Taran Killam ruled the show from minute one. His Charlie Rose helped kick off one of the most consistent episodes of the season, and he quickly transitioned into an Alan Rickman during the monologue that NEEDS to be used more often. (Die Hard parody next week, anyone?) Sure, he was also in the night’s worst sketch, but he clearly tried to infuse it with some energy—and he redeemed himself on an number of occasions, perhaps most delightfully in his role as possible murderer Roman.
Best Hobbit Reference
Speaking of Killam, he also stole the show in the night’s funniest pre-recorded sketch. Yes, it’s a bit late to be doing a parody of The Office, even if one of the original version’s stars is hosting. But still, The Office: Middle Earth worked, largely thanks to Killam’s Gareth/Gollum. Bobby Moynihan’s Gandalf, the David Brent of the office, also lends the sketch some great energy, becoming funnier with every appearance. Some of the other characters could have been used to better effect, but really, Gareth’s reactions to Bilbo Baggins’ pranks were completely worth that underdevelopment.
Best Weekend Update Guest
Cecily Strong as another extremely long-named character—A One-Dimensional Female Character From A Male Driven Comedy—starts off slow but offers the highlight of Weekend Update. Her delivery of lines like “Wow, you really have changed. It’s all over your face” is hilariously monotone, and ending the segment with her removing her glasses to reveal how beautiful and in love she is nails a trope that’s never really made sense.
Unfortunately, most of Weekend Update’s actual jokes weren’t all that funny, from a lame and tired joke about high video game players to a lame and tired joke about Cuba Gooding Jr.’s career woes. And as SNL may look to do some retooling on Weekend Update after next week’s episode, EW has already offered some suggestions about how to fix the ailing but popular segment.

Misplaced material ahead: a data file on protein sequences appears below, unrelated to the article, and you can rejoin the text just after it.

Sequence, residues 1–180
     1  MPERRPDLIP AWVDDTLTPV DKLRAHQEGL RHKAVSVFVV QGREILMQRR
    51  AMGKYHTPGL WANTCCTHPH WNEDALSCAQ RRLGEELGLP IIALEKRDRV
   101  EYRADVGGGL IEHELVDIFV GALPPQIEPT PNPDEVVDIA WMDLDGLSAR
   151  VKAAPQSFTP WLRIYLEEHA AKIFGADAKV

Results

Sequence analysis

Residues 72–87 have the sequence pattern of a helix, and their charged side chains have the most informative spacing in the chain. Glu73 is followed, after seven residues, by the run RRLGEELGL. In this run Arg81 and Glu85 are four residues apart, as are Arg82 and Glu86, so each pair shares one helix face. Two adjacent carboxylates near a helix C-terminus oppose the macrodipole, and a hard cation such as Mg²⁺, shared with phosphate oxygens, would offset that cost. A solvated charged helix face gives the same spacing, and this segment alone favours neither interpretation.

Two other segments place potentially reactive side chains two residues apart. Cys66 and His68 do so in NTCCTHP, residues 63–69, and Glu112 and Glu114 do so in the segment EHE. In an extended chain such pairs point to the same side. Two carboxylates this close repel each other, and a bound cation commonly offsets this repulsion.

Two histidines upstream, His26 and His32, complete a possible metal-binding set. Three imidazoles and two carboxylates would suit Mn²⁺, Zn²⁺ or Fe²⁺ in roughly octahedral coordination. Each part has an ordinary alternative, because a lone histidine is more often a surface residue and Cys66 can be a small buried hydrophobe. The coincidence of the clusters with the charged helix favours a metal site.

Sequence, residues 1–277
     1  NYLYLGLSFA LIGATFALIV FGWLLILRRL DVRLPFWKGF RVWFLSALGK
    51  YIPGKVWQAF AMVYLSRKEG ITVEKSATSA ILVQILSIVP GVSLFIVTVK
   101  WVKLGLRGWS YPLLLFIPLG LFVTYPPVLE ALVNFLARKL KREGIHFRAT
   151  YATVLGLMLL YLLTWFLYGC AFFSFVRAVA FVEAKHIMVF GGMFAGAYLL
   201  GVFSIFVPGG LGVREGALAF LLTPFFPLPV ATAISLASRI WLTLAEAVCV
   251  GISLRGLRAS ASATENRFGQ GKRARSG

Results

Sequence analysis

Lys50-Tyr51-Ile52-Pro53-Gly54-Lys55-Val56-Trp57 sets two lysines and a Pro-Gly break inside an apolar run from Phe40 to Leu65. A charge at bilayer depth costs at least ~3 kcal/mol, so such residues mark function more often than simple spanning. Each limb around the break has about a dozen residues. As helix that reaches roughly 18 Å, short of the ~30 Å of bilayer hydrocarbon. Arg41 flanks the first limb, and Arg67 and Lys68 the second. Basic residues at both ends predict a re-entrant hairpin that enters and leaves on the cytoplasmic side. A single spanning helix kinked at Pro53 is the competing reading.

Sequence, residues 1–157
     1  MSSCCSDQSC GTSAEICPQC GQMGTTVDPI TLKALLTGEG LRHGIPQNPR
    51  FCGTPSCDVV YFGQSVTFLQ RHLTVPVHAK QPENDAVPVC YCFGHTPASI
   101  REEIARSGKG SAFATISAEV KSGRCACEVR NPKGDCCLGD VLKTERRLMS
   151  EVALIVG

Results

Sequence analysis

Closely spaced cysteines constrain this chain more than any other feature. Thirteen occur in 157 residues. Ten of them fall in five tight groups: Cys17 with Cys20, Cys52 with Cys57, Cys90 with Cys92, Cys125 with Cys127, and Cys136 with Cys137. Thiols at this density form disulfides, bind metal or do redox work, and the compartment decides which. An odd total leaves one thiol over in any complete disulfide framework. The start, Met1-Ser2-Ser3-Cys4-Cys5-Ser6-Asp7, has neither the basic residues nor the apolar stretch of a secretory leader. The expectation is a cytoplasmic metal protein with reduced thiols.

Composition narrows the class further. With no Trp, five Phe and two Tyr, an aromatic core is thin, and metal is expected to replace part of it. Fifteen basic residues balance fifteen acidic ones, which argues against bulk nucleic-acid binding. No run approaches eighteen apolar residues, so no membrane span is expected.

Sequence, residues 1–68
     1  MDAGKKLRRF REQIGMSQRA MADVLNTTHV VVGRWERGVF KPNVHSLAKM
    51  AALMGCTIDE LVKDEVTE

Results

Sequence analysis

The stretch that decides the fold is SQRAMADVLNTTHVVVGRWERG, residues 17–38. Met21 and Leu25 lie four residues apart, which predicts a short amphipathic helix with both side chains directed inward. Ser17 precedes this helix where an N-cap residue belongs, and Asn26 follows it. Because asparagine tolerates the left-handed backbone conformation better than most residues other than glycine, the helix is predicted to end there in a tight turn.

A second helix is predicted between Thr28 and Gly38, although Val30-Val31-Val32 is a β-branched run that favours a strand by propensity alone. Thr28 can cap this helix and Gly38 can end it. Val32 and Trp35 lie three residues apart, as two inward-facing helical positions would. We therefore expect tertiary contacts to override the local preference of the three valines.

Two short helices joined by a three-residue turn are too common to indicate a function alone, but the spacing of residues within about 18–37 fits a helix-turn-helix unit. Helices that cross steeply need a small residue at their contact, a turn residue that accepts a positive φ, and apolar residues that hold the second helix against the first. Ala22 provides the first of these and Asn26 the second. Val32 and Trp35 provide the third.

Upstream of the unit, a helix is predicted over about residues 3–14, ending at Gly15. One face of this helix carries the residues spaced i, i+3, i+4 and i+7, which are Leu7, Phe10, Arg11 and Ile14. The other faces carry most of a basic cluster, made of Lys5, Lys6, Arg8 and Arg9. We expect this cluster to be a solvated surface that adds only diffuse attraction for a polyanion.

– The torture report opening smartly blamed the torture teachers for everything else terrible in life, from Time Warner Cable to… autocorrect? Yes, it seems they’re to blame for your phone’s ability to make you sound stupider. “It sure ducking was [us],” Moynihan says while taking credit for that particular problem.
– Kenan Thompson was very close to stealing the MVP crown from Killam this week, with a number of funny performances, starting off the night with the weird but enjoyable Sump’n Claus.
– While Weekend Update definitely had some issues, hearing how Michael Che pronounces “barrels,” as well as a couple funny Dick Cheney jabs, give the beginning of the segment some energy to keep it going.
– “Right Side of the Bed” was one of the show’s weakest outings, but Kate McKinnon’s Keith Urban cameo at the end is a hilarious and unexpected button on an otherwise mundane sketch. She definitely needs to revisit that character.
– The Holiday Gig sketch, another great showcase for both Thompson and Killam, started off slow but really picked up steam as the sketch turned into a therapy session for Freeman’s saxophone player.
– Freeman often played the straight man to most of the cast’s weirdest characters, but he had enough funny moments that I’d love to see him come back a second time eventually. He’s clearly a funny guy, although the episode didn’t take quite every opportunity it should have to highlight him.